Petrie did not think the palm was divided into 4 digits so he overlooked the fact that the perimeter of the long walls of the King Chamber not only corresponds to the circumference of a circle with the length taken as the diameter of the circle, but also corresponds to 1760 digits with 5 courses of 64 digits to the footing of the floor and a length of 560 digits.

This hypothetical circle is a 1/28 scale model of the size and shape of the intended dimensions of the Great Pyramid, so the height of the pyramid was intended to have a height of 560/2 cubits as the radius of the circle and the perimeter of 4 x 440 cubits was intended to be equal to the circumference of the virtual circle which equates to 1760 cubits as calculated from the pi approximation 22/7.

It follows that the King's Chamber Circle is a model of the exterior on a scale of 1 digit to 1 royal cubit because there are 28 digits in a cubit.

The niche in the Queen's Chamber shows the division of the cubit into 4 parts with 4 corbels on either side of the chamber reducing the width from 3 cubits to 1 cubit.

The roof of the Grand Gallery shows the division of the cubit into 7 parts with 7 corbels on either side of the gallery reducing the width from 4 cubits to 2 cubits.

The division by 4 and a division by 7 means implies the cubit probably had 7 times 4 divisions as apparent from surviving cubit rods.

In my monograph on the Grand Gallery I pointed out that the length of the cubit apparent from the interior is incredibly close to the cubit apparent from the exterior which could have been achieved with 2 master stones 10 cubits in length.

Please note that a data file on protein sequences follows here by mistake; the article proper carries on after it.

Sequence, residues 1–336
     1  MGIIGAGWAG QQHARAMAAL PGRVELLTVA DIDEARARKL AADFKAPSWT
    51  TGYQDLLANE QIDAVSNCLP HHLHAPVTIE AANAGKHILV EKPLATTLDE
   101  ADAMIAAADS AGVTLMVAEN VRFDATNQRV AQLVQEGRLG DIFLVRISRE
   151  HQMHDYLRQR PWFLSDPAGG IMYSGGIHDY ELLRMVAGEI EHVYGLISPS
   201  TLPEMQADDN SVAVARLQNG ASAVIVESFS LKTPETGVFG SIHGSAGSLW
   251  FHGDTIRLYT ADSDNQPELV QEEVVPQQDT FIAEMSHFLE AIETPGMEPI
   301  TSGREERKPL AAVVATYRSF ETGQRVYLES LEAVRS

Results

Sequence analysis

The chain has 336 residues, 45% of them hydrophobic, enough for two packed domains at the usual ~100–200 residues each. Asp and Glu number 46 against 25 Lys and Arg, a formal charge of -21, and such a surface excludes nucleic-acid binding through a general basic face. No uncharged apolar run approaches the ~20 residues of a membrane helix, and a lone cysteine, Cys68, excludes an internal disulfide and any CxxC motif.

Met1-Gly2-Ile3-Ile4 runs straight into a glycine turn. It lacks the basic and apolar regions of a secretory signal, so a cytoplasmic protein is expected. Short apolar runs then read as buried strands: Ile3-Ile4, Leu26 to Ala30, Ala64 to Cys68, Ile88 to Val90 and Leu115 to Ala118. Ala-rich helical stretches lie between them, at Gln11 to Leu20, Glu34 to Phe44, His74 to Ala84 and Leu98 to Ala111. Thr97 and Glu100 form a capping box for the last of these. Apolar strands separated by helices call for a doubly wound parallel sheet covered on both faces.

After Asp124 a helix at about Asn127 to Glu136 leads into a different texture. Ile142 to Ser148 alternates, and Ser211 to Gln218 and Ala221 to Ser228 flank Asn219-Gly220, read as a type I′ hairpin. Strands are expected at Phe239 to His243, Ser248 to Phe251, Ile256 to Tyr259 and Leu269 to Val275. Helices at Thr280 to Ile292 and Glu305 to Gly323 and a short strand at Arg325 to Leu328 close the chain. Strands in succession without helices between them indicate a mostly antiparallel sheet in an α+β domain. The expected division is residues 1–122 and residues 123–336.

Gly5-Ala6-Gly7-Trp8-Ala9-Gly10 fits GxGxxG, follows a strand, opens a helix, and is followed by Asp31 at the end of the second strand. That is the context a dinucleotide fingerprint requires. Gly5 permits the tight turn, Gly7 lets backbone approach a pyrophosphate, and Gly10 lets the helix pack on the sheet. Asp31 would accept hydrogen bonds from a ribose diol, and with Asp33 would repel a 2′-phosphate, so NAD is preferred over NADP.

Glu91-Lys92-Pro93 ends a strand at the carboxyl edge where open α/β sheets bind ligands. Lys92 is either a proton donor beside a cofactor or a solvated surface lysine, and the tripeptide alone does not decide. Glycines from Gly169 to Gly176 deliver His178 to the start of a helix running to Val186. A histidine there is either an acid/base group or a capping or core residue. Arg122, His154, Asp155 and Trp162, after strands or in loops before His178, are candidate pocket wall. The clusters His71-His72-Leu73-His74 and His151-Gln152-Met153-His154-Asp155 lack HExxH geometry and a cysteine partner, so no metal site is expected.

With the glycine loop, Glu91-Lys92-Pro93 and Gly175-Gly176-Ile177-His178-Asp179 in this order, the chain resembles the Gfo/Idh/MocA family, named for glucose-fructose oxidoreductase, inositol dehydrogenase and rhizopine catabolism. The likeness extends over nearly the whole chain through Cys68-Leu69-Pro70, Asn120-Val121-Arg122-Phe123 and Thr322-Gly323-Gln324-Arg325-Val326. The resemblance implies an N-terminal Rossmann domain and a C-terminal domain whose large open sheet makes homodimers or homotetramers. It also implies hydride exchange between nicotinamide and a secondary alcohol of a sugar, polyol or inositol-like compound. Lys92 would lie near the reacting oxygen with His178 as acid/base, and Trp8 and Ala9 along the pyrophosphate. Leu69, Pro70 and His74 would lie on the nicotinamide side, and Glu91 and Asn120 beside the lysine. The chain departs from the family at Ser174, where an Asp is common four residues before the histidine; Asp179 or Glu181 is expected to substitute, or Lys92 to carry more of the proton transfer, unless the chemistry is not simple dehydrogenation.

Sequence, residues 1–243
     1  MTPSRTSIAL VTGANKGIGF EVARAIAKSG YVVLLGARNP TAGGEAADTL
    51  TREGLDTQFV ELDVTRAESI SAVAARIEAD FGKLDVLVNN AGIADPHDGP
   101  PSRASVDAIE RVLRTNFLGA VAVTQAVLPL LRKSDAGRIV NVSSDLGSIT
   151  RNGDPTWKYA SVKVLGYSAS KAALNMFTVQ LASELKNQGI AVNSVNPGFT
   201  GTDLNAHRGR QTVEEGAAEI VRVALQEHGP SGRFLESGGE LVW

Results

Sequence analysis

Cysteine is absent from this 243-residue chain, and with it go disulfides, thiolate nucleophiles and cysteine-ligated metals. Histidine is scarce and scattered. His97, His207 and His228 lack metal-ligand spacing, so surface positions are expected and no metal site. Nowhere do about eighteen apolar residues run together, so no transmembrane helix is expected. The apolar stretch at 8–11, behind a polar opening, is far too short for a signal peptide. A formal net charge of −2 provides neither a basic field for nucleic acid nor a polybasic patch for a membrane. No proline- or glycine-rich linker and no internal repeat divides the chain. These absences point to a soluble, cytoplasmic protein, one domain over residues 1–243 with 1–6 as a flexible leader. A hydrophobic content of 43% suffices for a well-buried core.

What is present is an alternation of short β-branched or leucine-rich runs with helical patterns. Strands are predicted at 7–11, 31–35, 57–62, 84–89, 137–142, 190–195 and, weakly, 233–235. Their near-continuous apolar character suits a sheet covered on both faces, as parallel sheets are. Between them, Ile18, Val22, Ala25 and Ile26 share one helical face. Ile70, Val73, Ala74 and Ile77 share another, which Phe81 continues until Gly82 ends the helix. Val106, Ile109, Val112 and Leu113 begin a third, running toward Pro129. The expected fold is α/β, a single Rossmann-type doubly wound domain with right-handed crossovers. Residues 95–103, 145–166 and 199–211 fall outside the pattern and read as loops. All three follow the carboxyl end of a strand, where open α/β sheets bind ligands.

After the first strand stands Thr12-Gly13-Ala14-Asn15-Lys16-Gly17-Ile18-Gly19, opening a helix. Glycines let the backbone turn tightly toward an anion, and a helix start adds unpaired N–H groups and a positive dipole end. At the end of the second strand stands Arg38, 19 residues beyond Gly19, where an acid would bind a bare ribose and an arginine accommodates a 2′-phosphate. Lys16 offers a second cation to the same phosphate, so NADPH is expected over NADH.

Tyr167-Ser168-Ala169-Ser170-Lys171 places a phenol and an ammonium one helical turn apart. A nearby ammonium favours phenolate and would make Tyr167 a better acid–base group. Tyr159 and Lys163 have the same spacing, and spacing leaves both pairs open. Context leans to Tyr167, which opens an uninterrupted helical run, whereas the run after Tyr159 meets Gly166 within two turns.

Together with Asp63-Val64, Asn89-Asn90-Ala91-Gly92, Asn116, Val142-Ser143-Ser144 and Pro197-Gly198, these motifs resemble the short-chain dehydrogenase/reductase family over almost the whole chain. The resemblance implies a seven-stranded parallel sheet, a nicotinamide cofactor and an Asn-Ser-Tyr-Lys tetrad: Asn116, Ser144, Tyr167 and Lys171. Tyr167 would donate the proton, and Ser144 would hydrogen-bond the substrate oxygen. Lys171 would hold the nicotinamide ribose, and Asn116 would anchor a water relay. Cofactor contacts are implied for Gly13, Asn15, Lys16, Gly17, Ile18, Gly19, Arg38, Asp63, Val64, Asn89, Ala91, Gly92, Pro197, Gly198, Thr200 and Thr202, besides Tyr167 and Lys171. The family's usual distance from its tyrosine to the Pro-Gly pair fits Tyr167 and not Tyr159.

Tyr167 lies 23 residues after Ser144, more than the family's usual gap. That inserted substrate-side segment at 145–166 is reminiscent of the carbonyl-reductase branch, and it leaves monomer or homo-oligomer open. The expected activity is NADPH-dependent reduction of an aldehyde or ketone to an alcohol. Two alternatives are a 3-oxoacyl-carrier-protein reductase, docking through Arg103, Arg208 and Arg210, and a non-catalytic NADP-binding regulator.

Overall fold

These stones could have been made very square and moved around the base of the pyramid. The very same stones could then have been used to mark out the King's Chamber at every level of the chamber.

It would then have made sense just to leave the 2 master stones in the top course of the King's Chamber. There are in fact two such stones in the top course of the King's Chamber, and these stones define the width of the chamber at the top.

The east side of the pyramid was probably built first according to Maragliogio and Rinaldi. If so the best estimate of the length of the cubit is the length of the east side divided by 440 cubits. All the other sides may be very slightly different than 440 cubits in the attempt to make a square.

If the faces of the 2 stones on the ends are not perfectly flat, or were not fitted together perfectly, then this might add up to 1/25 inch for each length of 10 cubits or 1/250 inch per cubit, so if the master stones had a mean length of 20.610 inches then the cubit apparent from the base square may be as much as 20.614 inches.

The best estimate of the cubit inside the pyramid may prove to be the aforesaid so-called master stones which should be measured for length near the top and bottom of each stone as well as the mid point.

I would expect all 6 measurements to be in the range 206.00 inches to 206.15 inches if these were the master stones because a length of 10 cubits apparent from the east side is 206.08 inches from Petrie's survey and 206.15 inches from Cole's survey.

Can we find anyone who can measure a length of around 206 inches accurate to a hundredth of inch?

Mark

Edited 1 time(s). Last edit at 04/28/2019 11:31AM by Mark Heaton.